Stress Increases Type 2 Diabetes Risk 45%
A group of investigators at the University of Gothenburg, Sweden conducted a prospective follow-up study about the relationship between chronic stress and other health issues. The results of the 35-year-prospective study showed that a man with permanent or chronic stress increases type 2 diabetes more than those who did not have it or had it periodically only. Since the study only included male participants, the relationship between chronic stress and type 2 diabetes [in women] is not known. Hence, its management is very important to reduce risk for type 2 diabetes as well as other health problems.
Ways to vent stress include activities such as meditation, yoga, exercise, massage, and other lifestyle changes. Implementing changes that can prevent or at least minimize it can directly help eliminate a risk factor for type 2 diabetes.
Health-e-Solutions comment: Observational prospective studies follow a large group of people, who start out free of the particular disease being studied, for a long period of time, years and even decades. At the end of the study the results can show links between lifestyle and habits and certain health conditions.
This prospective study was forward looking, observing a population-based random sample of 7251 men derived from the Primary Prevention Trial Study, aged 47–56 years at baseline and without prior history of diabetes, coronary heart disease and stroke. Observational studies can’t prove cause and effect, but when associations are seen in large populations, and occur in a well-established context, cause and effect may reliably be inferred.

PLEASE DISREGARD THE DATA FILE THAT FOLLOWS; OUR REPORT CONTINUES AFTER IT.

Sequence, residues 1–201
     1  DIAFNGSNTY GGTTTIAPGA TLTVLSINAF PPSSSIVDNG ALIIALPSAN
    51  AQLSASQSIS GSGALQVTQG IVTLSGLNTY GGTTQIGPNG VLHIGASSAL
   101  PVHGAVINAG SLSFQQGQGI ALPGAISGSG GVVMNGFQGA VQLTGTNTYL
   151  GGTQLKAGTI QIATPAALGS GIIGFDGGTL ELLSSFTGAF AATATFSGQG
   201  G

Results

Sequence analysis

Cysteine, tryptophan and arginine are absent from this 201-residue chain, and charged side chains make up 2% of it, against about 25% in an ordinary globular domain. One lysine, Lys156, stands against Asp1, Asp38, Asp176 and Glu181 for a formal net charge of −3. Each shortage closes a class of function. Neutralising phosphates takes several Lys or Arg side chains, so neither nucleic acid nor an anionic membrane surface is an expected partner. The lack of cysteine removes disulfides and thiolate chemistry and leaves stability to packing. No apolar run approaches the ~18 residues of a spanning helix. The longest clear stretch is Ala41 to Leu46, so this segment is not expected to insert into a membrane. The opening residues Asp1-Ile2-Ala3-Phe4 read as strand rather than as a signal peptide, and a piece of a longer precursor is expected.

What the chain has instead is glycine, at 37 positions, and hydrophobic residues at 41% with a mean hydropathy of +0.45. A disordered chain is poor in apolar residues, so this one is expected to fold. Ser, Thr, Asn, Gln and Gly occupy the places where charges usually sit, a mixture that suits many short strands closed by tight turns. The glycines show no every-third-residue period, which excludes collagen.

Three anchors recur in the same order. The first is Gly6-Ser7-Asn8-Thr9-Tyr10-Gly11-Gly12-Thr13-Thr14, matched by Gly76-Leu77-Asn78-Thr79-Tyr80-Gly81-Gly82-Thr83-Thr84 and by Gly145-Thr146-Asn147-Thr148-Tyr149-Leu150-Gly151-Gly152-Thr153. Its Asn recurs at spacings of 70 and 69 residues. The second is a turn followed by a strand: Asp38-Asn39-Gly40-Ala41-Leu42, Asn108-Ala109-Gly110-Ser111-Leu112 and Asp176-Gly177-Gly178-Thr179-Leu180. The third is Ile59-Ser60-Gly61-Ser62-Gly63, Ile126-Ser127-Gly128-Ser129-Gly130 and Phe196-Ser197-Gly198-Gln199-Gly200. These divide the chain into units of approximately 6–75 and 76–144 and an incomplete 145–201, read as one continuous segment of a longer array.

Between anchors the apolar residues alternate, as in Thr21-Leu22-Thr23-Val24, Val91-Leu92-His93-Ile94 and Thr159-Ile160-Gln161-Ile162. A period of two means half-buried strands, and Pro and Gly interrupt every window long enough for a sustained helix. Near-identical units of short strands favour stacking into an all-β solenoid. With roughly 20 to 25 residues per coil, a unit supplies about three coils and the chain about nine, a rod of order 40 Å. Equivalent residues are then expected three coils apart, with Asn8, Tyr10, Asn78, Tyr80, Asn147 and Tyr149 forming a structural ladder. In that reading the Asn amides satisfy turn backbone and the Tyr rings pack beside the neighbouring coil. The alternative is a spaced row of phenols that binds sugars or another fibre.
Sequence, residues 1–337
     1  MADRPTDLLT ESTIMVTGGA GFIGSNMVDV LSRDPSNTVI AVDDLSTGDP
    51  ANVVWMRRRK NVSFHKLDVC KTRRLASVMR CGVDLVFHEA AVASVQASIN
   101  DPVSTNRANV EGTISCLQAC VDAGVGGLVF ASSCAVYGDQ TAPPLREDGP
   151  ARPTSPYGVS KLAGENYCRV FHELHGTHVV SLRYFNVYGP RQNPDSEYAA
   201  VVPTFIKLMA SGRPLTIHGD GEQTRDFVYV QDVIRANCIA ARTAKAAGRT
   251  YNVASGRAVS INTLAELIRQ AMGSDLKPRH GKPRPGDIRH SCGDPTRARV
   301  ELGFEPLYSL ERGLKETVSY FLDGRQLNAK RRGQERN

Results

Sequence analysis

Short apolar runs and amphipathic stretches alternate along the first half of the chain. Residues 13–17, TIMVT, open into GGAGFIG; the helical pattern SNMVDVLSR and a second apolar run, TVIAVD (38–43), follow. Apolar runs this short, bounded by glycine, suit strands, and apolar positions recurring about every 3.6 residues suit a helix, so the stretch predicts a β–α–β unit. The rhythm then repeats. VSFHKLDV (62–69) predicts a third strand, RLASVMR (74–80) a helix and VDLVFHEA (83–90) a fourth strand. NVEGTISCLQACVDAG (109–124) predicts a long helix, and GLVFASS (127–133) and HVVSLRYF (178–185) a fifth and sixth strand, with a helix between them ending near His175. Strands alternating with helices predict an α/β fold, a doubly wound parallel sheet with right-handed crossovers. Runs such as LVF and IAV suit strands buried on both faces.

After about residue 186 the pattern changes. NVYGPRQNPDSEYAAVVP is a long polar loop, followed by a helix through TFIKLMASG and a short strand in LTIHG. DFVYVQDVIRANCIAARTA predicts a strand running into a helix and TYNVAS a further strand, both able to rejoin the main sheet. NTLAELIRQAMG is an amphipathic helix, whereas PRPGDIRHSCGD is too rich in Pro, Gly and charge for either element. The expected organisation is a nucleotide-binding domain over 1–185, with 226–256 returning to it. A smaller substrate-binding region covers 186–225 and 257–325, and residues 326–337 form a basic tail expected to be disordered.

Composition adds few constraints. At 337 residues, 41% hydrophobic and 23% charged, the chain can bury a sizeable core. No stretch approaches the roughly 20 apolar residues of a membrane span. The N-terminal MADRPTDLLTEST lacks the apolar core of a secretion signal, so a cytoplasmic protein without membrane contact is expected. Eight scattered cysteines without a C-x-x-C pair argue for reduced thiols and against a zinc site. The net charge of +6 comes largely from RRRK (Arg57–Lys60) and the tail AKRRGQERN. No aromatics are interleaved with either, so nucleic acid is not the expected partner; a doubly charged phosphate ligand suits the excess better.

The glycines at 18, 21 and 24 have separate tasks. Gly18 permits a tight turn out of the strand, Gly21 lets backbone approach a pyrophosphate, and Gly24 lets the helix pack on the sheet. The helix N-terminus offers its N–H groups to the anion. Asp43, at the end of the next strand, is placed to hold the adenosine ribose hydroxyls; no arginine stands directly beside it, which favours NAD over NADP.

Managing stress is one of the five pillars supporting thriving health in the Health-e-Solutions lifestyle, and its impact should not be underestimated, even in children. It has been proven to increase both a person’s susceptibility to blood sugar spikes and the severity of complications from the disease. For years, stress reduction programs have been used clinically for reducing the burden of chronic disease and increasing resiliency. A more resilient body and mind make for optimal health! Managing stress is vital to optimal blood sugar control.
Effective stress management, along with nutrition, environmental control, quality sleep and exercise can have long lasting impact on health and help you #MasterDiabetesNaturally. In our downloadable, printable special report on Stress and Diabetes we’ll give you the tools you need to manage stress effectively. Put your body in a position of strength by promoting, supporting and creating health. Get tools and solutions to help minimize consequences and maximize benefits for nutrition, environment, exercise, sleep and stress management.
Journal Reference: Novak M et al. Perceived Stress and Incidence of Type 2 Diabetes: a 35-Year Follow-Up Study of Middle-Aged Swedish Men. Diabetic Medicine 2013; 30(1): e8